Next, the processing of changeover to transmitter mode in the manual mode will be described with reference to FIG. 14B. This processing is carried out, when the automatic changeover mode switch is turned off to set the transmitter/receiver 3 to the manual mode, and at the same time the transmitter mode switch is turned on to set the same to the transmitter mode, thereby setting the transmitter/receiver 3 to a predetermined state in which the present keyboard 2 causes the other keyboard 2 to give a performance in response to the MIDI signal transmitted therefrom. Further, this processing is substantially similar to the processing of changeover to the receiver mode in the manual mode described above, and is distinguished therefrom only in that the transmitter/receiver block 18 is set not to a data-receiving status, but to a data-transmitting status, in short, in delivery of the transmission control signal from the control signal output block 16.

In this processing, the channel number is read at a step S141. Then, the transmitting channel control data corresponding thereto is read from the control data storage block 12 at a step S142. Then, the transmitting channel control signal based on the transmitting channel control data is delivered via the control signal output block 16 to the transmitter/receiver block 18 at a step S143. Then, the transmission control signal is delivered at a step S144, and the transmission/reception flag is set at a step S145. Then, the received data input block 19 is inhibited from receiving the MIDI data at a step S146. In this state, the MIDI data input block 14 alone is permitted to receive data, and the MIDI data input interrupt is permitted at a step S147. Then, the automatic changeover mode flag is reset at a step S148, to set the transmitter/receiver to the manual mode, and at the same time the changeover-permitting flag is reset at a step S149, followed by terminating the processing of changeover to transmitter mode.

As described above, when in the manual mode, by selective operation of the transmitter mode switch and the receiver mode switch, the operation of the transmitter/receiver 3 can be easily set to one of the transmitter mode and the receiver mode. Therefore, it is possible to use the keyboard 2 as a single or isolated MIDI performance device, or as a tone generator controlled by the other keyboard 2. Further, it can be used as a tone generation control device for controlling the tone generation by the other keyboard 2. In this case, it is quite unnecessary to change connections of MIDI cables and transmitter/receivers 3.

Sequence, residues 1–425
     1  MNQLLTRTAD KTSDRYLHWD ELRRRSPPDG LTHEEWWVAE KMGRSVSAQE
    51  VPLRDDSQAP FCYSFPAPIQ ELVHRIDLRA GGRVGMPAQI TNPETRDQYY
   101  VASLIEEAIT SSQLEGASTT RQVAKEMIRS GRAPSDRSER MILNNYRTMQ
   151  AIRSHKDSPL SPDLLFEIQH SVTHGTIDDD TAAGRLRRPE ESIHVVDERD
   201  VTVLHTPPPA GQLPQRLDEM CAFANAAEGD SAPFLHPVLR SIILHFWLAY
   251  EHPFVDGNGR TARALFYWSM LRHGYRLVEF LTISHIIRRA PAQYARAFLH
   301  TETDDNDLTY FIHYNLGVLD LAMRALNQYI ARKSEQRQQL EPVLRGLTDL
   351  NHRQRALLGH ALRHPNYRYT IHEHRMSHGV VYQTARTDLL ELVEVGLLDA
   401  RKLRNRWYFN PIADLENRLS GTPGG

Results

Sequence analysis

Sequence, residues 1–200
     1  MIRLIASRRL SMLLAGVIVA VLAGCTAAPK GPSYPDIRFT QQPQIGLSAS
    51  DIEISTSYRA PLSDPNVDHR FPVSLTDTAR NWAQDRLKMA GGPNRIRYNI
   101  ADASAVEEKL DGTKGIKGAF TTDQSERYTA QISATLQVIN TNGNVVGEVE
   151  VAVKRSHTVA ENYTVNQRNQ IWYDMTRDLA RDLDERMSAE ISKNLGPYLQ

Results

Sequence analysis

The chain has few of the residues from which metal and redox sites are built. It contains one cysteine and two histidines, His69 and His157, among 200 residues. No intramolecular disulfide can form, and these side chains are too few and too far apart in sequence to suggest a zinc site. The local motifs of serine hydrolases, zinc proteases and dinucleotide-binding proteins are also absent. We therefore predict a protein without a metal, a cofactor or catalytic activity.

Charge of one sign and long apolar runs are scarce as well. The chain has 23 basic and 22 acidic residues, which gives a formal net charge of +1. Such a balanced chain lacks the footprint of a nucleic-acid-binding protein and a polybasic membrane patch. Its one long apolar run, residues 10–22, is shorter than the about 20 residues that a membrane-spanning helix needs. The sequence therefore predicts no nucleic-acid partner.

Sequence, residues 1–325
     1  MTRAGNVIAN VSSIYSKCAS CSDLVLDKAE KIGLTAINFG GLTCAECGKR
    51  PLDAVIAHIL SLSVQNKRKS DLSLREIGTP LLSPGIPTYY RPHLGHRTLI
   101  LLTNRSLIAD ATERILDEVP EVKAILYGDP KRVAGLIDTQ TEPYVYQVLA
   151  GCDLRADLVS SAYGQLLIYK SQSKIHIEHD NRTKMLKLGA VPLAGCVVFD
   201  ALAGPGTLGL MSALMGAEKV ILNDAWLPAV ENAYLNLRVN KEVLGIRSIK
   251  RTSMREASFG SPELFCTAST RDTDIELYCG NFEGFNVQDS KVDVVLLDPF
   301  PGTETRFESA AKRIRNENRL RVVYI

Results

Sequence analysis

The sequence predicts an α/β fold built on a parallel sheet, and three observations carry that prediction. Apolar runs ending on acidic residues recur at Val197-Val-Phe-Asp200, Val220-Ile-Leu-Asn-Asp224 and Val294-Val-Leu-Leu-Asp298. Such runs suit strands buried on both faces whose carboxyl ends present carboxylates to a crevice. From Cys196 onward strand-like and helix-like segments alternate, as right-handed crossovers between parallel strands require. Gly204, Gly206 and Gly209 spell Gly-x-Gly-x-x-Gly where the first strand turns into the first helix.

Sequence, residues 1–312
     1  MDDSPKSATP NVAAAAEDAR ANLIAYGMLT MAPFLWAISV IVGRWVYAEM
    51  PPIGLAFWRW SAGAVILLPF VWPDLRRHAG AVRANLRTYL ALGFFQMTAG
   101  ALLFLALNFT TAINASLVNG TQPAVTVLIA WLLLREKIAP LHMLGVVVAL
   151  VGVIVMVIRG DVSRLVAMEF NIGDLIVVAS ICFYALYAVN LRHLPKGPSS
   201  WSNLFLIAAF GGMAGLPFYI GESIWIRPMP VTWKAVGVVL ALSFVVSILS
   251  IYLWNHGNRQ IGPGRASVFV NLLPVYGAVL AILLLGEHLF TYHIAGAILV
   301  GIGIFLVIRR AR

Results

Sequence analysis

Next, the transmitting channel-updating processing and the receiving channel-updating processing will be described with reference to FIG. 15A and FIG. 15B. These processings are carried out by interruption when the channel switch is operated.

First, the transmitting channel-updating processing will be described with reference to FIG. 15A. When the transmitting channel number is changed from N1 to N2 at a step S1S1, the transmitting channel control data corresponding to the transmitting channel N2 is read from the control data storage block 12 at a step S152. Then, the transmitting channel control signal based on the transmitting channel control data is delivered via the control single output block 16 to the transmitter/receiver block 18 at a step S153. This sets the first local oscillation frequency of the transmitter/receiver block 18, to place the transmitter/receiver block 18 in a standby state for transmission of data. This terminates the present processing, and the program returns to the main routine.

Next, the receiving channel-updating processing will be described with reference to FIG. 15B. This processing is distinguished from the transmitting channel-updating processing in that according to this processing, in the receiver mode, the receiving channel control data designated by the channel switch is delivered. When the receiving channel number is changed from N1 to N2 at a step S161, the receiving channel control data corresponding to the receiving channel N2 is read at a step S162, and the receiving channel control signal is delivered to the transmitter/receiver block 18 at a step S163. This sets the first local oscillation frequency of the transmitter/receiver block 18, to place the transmitter/receiver block 18 in a standby state. This terminates the present processing, and the program returns to the main routine.

As described above, the transmitting channel-updating processing and the receiving channel-updating processing make it possible to set the transmitting frequency and the receiving frequency of the keyboard 2 as desired. Therefore, it is possible to change a combination of the present keyboard 2 and a tone generator of the other keyboard 2, as desired, permitting variation in the performance system comprised of keyboards.

As described heretofore, according to the present embodiment of the invention, the MIDI signal received from the keyboard (main part) 2 can be transmitted to the other keyboard as a radio signal to cause the other keyboard to operate as a tone generator. Further, inversely, based on the MIDI signal received from the other keyboard 2, the present keyboard 2 can be operated as a tone generator.